Don’t Tell Me Not to Sweat the Small Stuff




“Don’t sweat the small stuff”?

Dude, I’m damp. I am sweating all the small stuff. It’s what I do.

Please don’t tell me how small the stuff is (I know this) and how, when it comes down to it, it’s all small stuff (it can’t all be small), and not to sweat any of it (now I need a towel) because all you are doing is stressing me the hell right out.

There is strain, tension, external pressure in our lives. I don’t know anyone who doesn’t have it.

We all react differently, of course, but it seems that those who tend to feel uncomfortable about this are vilified by those who do not.

When people stress, we are often told to “relax” or “take it easy”. Yet, when someone does not stress, we don’t tell them to “get upset” or “freak out”.

How is this fair?

When people announce how laid-back they are, it’s annoying. I mean, I can either see that you are or I can see that you’re trying to convince me (or yourself) that you are. Either way, it’s unnecessary information.

If you don’t mind, skip the pleasantries and just get the salt shaker and start pouring it into the wound. It is patronizing to tell someone who is distressed to “calm down”.

It’s so incredibly wonderful that people can be calm, cool, and collected in the face of a stressful situation. It’s good for their health and lovely for those around them.

I recognize that this works for a lot of people. What I’d absolutely love is for them to realize not everyone has the ability to do that.

And, as far as I know, people don’t enjoy being stressed.

Next time you see someone in distress, instead of telling them to “lighten up”, try asking them “what’s up?”


How many times has, “Just calm down” worked for you or, rather, for the person you’re saying it to? Do they calm down? If so, is it immediate? Be honest here…has it ever worked?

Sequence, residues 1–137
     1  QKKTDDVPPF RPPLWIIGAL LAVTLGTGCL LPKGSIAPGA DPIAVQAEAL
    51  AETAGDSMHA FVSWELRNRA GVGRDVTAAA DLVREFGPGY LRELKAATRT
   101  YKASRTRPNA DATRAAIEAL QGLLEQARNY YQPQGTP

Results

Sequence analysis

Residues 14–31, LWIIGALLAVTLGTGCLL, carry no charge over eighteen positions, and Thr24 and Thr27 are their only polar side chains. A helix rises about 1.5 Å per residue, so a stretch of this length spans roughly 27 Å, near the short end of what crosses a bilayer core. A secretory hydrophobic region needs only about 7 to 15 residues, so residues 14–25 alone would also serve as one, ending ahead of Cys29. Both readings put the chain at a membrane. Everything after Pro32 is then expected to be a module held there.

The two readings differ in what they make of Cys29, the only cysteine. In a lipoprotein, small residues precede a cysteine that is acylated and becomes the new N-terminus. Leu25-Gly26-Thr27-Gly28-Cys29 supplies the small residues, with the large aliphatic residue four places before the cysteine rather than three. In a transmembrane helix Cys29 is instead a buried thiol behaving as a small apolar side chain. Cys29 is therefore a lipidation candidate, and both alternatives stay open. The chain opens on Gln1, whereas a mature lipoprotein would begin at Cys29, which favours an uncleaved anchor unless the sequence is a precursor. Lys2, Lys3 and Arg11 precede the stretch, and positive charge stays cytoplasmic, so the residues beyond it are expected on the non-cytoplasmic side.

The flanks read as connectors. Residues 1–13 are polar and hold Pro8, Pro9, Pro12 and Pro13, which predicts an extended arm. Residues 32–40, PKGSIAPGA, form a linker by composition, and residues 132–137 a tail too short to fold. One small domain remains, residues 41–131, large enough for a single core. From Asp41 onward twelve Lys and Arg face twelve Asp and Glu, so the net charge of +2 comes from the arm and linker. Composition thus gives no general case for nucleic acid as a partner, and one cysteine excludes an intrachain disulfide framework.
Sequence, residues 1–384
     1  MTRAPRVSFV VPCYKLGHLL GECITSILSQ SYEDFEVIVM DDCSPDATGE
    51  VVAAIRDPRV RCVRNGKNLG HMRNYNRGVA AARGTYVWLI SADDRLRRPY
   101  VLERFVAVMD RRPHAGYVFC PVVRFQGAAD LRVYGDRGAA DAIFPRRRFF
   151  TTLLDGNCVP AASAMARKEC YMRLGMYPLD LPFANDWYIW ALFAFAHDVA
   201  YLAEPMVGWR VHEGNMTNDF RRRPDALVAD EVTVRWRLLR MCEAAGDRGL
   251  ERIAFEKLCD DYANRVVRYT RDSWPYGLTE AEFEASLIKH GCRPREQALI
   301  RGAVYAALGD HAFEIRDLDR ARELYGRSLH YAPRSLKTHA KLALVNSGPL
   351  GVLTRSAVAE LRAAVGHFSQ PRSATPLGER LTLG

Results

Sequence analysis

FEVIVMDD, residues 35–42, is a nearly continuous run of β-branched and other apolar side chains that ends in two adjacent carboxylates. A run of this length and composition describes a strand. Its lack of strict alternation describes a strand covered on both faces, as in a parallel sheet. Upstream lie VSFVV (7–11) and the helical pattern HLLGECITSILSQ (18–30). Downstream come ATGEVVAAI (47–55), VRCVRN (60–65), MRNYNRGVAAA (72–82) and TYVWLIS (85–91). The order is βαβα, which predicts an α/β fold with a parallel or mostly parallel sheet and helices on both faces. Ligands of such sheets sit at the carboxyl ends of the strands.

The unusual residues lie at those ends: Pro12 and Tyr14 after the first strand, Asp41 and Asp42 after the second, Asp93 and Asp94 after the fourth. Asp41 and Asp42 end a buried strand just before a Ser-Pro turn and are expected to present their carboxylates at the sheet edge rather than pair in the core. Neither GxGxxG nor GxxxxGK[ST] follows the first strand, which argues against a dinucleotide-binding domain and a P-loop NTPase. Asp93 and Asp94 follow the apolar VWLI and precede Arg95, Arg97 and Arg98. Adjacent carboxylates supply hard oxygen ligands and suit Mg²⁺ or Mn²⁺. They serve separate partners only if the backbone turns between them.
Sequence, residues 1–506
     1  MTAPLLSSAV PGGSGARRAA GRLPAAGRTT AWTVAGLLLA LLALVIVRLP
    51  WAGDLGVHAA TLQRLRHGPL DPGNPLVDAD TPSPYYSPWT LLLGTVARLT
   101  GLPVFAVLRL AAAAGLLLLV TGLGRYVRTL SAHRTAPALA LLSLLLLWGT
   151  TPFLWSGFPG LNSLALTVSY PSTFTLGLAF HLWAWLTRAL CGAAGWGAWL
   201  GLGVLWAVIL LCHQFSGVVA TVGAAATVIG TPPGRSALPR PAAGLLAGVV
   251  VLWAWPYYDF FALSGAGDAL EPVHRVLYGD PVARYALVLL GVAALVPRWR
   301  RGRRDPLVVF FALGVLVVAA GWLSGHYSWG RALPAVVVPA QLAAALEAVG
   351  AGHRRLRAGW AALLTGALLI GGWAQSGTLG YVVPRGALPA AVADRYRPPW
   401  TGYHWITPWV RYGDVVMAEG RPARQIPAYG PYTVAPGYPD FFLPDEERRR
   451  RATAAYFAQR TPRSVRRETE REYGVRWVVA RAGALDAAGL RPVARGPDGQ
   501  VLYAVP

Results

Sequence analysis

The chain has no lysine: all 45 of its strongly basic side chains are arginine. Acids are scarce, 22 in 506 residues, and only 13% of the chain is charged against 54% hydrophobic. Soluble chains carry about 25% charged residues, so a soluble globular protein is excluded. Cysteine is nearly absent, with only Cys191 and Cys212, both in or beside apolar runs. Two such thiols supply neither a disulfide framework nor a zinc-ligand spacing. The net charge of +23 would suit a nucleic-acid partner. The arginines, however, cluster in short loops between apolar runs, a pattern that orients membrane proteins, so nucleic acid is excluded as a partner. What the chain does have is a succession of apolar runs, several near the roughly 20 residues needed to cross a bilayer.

53 thoughts on “Don’t Tell Me Not to Sweat the Small Stuff

  1. I was starting to shake when I was reading through your post, Sarah. Yes, it makes me cross too! Just like people saying “Smile” or “Cheer up, it can’t be that bad”. How the hell would they know. Yes, definitely ask, “Can I help?” “Would you like to talk?” Don’t sweat is always easy for someone to say when a sense of perspective, and empathy, is lacking. How are you anyway? Hugs across the waters.

    Liked by 1 person

    • Ugh! “Smile” and “Cheer up”… Yes, I forgot those winners. You said it. This often stems from a lack of empathy and/or perspective. But if someone doesn’t want to offer help, that’s fine – they can walk away instead of possibly doing more damage.

      I don’t understand the people who have been telling others for many years to “calm down” and see that it doesn’t work yet continue to say it anyway. I think, in certain situations, it’s not meant to be mean but sometimes it is said with such superiority, such a lack of respect… That is what infuriates me.

      Thank you. Hope you are doing well. Sending hugs back across the waters. 💗

      Liked by 1 person

      • I think it is lack of understanding. If we smile, or calm down, or whatever, then there is nothing for them to deal with. You are right, why can’t they just walk away if they don’t want to deal with it. The world doesn’t always work in a way to suit them. Or us unfortunately! Take care. xx

        Liked by 1 person

    • Haha! Shouting that at me would definitely get my attention. Just not in a good way. A conversation can (or can not) be had. That’s always nice but, I think, it’s the initial response and the respect given to someone who may not be able to calm down on demand.

      Liked by 1 person

      • Well “calm down!” Has worked for me (followed by “so we can talk about this”) when I’ve dealt with stressed people on the verge of violence. I see your point that it is disrespectful, condescending really, but sometimes one may need to come off as superior, especially if there’s a weapon involved, so that a violent person might think twice before (things and people get broken).

        Liked by 1 person

      • OH, I think all bets are off if there is a danger of violence and/or a weapon involved. The need to come off as superior or authoritative is necessary in certain situations. We don’t want anyone getting hurt. I was referring to simple situations where friends/family/co-workers judge or belittle or dismiss someone for feeling a certain way.


  2. Being told to “calm down” only gets me more agitated. It makes me feel like they don’t understand what it is I’m going through. Now, if things are laid out before me, eventually I calm down because I would have thought about it.

    Liked by 1 person

    • Eventually, sure, we calm down. In our time. But not because someone is shouting at us or rolling their eyes. I think, like you said, it often has the opposite effect and causes people to become more agitated.